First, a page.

South Korean stocks gained marginally higher Tuesday as investors took a wary approach ahead of the U.S. Federal Reserve's policy-setting meeting, analysts said. The local currency edged up against the U.S. dollar.
The benchmark Korea Composite Stock Price Index (KOSPI) rose 3.62 points, or 0.18 percent, to close at 2,051.76. Trading volume was light at 303.0 million shares worth 3.56 trillion won (US$3.35 billion), but decliners outnumbered gainers 412 to 385.
The KOSPI swerved in and out of positive territory in choppy trading, with foreigners almost snapping their net buying spree before closing the session with a net purchase of 102.3 billion won.
It marks the 43rd consecutive session of a foreigners' buying binge on the Seoul bourse.
Analysts said the light turnover means investors are eyeing the Fed's move toward reducing its bond-buying program at the Federal Open Market Committee (FOMC) policy meeting slated for Oct. 29-30, U.S. time.
"There've been growing expectations that the Fed will keep its stance on its expansionary monetary policy, which will reduce market risks and spur inflows of risky assets into our market," said Park Sung-hoon, an analyst at Woori Investment & Securities Co.
Analysts predicted the KOSPI will likely keep its upward spirit on the back of a recent bullish mode seen in shares of three major sectors that drive the market: tech, auto and chemical. The sectors went up 1.5 percent, 2.6 percent and 1.4 percent, respectively, over the past two weeks.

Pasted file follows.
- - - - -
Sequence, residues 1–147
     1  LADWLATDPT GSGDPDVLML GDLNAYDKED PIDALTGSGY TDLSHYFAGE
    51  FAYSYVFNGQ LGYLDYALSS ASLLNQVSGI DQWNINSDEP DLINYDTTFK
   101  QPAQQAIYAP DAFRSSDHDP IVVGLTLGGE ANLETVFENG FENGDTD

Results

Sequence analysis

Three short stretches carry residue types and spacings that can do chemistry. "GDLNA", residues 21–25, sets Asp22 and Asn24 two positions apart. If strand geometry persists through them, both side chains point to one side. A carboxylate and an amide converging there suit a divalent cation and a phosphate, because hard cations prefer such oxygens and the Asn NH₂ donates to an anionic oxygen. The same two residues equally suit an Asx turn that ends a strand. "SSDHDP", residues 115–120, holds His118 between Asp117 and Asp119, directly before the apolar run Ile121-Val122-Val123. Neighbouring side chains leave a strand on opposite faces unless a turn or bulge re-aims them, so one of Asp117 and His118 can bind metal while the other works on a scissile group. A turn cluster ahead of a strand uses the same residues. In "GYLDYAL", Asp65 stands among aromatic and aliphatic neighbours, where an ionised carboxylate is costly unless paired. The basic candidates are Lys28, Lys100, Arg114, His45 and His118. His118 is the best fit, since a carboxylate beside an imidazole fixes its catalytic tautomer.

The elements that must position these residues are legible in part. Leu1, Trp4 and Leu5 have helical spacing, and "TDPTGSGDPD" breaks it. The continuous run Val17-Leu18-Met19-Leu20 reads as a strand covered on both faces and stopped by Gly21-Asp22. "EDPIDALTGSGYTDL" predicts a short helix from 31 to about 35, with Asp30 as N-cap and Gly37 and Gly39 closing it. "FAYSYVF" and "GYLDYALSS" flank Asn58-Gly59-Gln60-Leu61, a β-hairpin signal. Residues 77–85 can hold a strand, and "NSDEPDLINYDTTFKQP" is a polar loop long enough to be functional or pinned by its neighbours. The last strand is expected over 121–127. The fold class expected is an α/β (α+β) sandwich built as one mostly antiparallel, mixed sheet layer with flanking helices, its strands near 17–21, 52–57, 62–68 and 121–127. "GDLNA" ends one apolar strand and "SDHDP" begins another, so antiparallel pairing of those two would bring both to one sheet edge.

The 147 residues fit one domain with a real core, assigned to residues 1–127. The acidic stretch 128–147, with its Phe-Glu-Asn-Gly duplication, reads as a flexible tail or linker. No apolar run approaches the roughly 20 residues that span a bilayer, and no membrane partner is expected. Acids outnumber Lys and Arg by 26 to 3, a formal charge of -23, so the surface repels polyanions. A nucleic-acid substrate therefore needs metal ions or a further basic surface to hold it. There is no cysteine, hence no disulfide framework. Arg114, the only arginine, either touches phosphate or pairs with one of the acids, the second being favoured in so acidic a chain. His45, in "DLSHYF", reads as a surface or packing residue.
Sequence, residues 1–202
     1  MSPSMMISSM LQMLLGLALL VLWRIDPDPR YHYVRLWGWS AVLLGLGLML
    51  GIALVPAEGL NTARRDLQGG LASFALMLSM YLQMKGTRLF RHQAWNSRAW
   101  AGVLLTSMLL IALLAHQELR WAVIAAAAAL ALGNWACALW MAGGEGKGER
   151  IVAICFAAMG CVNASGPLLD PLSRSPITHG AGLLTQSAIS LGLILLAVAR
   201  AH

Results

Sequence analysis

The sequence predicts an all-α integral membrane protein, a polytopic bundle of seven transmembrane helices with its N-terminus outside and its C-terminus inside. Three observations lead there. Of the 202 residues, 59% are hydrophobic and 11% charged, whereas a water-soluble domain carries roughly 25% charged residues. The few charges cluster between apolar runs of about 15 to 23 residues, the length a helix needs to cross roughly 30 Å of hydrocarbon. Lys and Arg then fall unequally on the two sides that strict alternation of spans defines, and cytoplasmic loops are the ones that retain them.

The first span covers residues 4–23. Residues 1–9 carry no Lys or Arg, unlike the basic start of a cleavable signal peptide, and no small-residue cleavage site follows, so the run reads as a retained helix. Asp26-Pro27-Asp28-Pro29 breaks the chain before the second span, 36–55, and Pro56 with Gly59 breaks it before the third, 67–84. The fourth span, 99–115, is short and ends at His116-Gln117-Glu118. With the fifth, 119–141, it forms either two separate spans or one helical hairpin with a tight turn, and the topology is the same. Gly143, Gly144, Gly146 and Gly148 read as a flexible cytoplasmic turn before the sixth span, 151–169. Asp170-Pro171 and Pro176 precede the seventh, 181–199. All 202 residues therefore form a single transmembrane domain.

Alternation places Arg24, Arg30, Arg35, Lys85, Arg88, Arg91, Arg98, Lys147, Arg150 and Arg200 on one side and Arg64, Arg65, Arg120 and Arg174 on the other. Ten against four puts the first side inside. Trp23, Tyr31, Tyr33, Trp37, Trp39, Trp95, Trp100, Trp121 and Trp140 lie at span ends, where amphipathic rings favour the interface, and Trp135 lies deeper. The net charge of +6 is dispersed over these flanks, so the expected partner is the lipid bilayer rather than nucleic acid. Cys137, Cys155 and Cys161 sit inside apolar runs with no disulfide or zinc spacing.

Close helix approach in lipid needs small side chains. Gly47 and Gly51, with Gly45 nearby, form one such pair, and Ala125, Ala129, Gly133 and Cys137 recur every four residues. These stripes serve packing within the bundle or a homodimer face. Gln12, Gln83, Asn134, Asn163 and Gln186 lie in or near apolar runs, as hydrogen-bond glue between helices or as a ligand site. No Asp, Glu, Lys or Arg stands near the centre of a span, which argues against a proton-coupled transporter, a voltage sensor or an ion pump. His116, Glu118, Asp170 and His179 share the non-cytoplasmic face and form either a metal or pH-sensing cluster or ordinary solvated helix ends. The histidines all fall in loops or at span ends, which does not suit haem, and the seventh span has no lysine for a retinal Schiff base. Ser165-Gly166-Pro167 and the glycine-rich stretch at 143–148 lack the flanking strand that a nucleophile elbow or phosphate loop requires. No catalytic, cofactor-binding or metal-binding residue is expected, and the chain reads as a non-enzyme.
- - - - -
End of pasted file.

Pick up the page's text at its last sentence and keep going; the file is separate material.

On Tuesday, the gain was led by state-run blue-chips and chemical companies. State electricity provider Korea Electric Power Corp. climbed 1.3 percent to 28,400 won with Lotte Chemical soaring 4.94 percent to 212,500 won.
Market bellwether Samsung Electronics rose 0.54 percent to 1,490,000 won.
But auto and logistics shares lost ground. Hyundai Motor finished down 1.32 percent to 261,500 won and Hyundai Merchant Marine slumped 3.83 percent to 15,050 won.
The local currency ended at 1,060.60 won against the greenback, up 0.5 won from Monday's close, as foreigners increased their bets in Seoul shares, dealers said.
Bond prices, which move inversely to yields, closed higher. The yield on three-year Treasuries shed 0.02 percentage point to 2.80 percent and the return on the benchmark five-year government bonds fell 0.03 percentage point to 3.03 percent.